Quite right.

    The core outdoor-focused merit badges being offered at summer camp are great.  They give scouts access to resources (rifle ranges, canoes, etc.) and to trained, certified people (lifeguards, rifle instructors, etc.) that few troops have. Summer camp is the time-honored way for scouts to do the outdoor activities they've been promised but that troops back in town just can't be expected to provide.

    On the other hand, why on earth should summer camps offer classroom-focused classes like Citizenship in the Community or Family Life which are FAR better done back home in the troop or in the community. Having those classes at camp just gives scouts a poor merit badge experience and discourages scouts from getting outdoors and having fun at camp.

  6. Well, it's that time of year again.  Time to dig out the cold weather sleeping bad and time to teach the kids about layering their clothes and staying warm no matter how low the mercury drops.

    Here's a simple tip that might help you out on your next winter camping trip....

    Before you go to bed, turn your water containers upside down (assuming they don't leak).  Water tends to freeze from the top down, and if you turn your water jug upside down, the layer of ice will form on the BOTTOM of your water jug, not at the top, so you'll still be able to get water out of it in the morning when you wake up and start fixing breakfast.  Try it at home with a water bottle in your freezer....it works!


  7. There's a document out on scouting.org that seems to discourage many of the common practices that enable merit badge events (like fairs, universities, etc.) and that also seems to discourage bad practices that are very common in almost all merit badge summer camps and winter camps.

    I wonder if this will indicate a trend away from the current merit badge mills that prevail across the country...

    The document is "Merit Badge Group Instruction Guide" and is available here:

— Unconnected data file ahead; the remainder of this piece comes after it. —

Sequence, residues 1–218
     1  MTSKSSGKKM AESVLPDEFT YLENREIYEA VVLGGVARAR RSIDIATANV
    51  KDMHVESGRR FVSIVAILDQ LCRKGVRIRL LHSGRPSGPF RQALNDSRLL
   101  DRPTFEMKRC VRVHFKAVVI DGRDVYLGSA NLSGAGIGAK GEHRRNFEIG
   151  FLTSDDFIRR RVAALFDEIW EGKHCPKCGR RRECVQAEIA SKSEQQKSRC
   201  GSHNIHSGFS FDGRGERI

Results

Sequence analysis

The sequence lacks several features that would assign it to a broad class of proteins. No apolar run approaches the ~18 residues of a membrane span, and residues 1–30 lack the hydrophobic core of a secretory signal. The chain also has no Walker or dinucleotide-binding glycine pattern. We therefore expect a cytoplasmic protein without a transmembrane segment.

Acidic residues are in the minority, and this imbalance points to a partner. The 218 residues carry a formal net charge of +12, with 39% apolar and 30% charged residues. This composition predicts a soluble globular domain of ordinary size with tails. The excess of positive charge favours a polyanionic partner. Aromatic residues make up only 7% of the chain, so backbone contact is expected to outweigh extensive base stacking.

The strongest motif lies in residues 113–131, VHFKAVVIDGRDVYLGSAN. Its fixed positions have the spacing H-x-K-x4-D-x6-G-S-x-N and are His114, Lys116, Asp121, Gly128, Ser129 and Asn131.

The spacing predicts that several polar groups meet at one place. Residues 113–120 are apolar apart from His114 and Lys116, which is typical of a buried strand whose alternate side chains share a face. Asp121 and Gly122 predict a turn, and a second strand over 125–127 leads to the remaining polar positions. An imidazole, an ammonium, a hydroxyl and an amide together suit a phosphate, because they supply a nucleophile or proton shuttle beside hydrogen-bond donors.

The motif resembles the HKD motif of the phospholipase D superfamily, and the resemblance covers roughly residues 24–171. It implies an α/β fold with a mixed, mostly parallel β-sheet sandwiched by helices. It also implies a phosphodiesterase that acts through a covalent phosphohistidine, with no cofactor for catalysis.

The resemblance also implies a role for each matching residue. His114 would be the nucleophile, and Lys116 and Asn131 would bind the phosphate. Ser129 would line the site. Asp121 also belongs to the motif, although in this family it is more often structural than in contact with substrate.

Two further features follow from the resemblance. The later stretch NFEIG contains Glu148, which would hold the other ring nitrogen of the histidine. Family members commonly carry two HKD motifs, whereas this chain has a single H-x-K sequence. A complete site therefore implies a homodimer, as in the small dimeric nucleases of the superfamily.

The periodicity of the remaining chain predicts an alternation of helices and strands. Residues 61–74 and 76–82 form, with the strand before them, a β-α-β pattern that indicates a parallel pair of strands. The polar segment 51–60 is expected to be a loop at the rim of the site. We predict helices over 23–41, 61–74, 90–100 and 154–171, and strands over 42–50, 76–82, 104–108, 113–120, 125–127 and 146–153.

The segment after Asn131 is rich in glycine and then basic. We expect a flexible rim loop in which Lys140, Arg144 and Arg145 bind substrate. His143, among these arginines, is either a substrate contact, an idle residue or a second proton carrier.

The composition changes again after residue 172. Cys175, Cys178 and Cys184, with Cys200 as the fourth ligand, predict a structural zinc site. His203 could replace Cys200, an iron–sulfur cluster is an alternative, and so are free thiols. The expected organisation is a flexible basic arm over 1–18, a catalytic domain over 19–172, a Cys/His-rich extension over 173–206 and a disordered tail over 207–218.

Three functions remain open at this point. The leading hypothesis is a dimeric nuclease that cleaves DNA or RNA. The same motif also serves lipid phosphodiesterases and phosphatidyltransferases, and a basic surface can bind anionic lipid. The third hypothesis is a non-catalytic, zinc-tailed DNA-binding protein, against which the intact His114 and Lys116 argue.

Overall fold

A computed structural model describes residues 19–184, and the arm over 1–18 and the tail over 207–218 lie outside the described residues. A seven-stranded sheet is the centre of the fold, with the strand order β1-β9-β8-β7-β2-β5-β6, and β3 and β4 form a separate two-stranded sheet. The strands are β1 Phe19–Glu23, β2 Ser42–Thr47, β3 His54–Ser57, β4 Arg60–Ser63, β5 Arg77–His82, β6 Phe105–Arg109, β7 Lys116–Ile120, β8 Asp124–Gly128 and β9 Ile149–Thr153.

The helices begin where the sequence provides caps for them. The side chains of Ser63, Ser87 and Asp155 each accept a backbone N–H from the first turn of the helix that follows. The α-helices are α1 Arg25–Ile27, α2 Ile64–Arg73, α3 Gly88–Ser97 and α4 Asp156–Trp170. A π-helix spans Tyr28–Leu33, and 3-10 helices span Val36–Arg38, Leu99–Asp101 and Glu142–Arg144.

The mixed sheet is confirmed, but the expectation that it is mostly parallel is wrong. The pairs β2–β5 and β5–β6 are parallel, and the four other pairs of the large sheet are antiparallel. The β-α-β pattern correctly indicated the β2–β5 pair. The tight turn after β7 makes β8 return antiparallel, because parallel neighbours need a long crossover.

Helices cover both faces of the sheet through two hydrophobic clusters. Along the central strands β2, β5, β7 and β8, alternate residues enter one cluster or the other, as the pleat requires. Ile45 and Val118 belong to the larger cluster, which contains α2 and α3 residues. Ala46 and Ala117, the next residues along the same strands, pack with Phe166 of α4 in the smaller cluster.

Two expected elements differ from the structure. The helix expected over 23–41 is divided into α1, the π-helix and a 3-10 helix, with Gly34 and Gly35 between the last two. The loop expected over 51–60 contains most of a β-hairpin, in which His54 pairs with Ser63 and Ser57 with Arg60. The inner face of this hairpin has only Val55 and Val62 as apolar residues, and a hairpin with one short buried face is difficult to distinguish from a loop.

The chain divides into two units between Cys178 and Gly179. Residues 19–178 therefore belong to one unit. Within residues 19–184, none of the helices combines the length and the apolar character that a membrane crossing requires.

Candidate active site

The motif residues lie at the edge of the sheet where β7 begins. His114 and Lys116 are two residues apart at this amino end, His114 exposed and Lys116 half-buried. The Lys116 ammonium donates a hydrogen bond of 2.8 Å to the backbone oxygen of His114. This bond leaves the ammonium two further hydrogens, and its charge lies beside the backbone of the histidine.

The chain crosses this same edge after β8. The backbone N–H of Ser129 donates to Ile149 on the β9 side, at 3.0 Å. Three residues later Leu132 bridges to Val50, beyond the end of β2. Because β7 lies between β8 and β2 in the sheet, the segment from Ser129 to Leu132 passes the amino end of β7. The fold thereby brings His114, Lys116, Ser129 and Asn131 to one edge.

Some interesting points that appear there...

    • "Group instruction should be focused on those scenarios where the benefits are compelling"
    • "The focus must on the quality of the Scout's counseling experience, and not on the number of Scouts who can take a class or complete a badge."
    • "Simply taking notes, completing a workbook, or listening during a group instruction session does not constitute completing a requirement"
    • "For many badges---perhaps even most of them---partial completion is not only acceptable but expected from a merit badge event."
    • "most classes should be small"
    • "Group tasks do not fulfill requirements..."
    • "...completing a worksheet does not constitute completing a requirement."


  8. 41 minutes ago, ParkMan said:

    I saw this with my son.  He was in a den for two years of 12+ scouts.  It was awful.  Then he went to a den of 3.  It kinda worked, but not that well.  One kid would miss a meeting and it was then two.  We eventually got to 4, and it was OK.  6 would have been a lot more fun.


    As always though....your mileage may vary.

    My son was also in a den with over 12 scouts. It's a lot, but the boys were already friends since all were in the same grade in the same elementary school. The den hung together all the way through AoL. The den had a very strong Den Leader (Eagle scout) who had committed to stay with the boy for the 4-5 years it would take to get to AoL ---- and he did. He also had a good Den Chief and supportive parents to back him up.  12+ may not be ideal in most packs, but it worked great in this case.

  9. 15 minutes ago, 69RoadRunner said:


    Our secret ingredient was cranberries.  I made 3 things, chili, fresh cranberry applesauce and since the favorite Philmont meal is stuffing with chicken and cranberries, I made it to demo for the scouts who didn't do Philmont.


    That Stuffing with chicken and cranberries sounds like a real winner!   You wouldn't happen to have a recipe you could share?

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  10. 18 hours ago, le Voyageur said: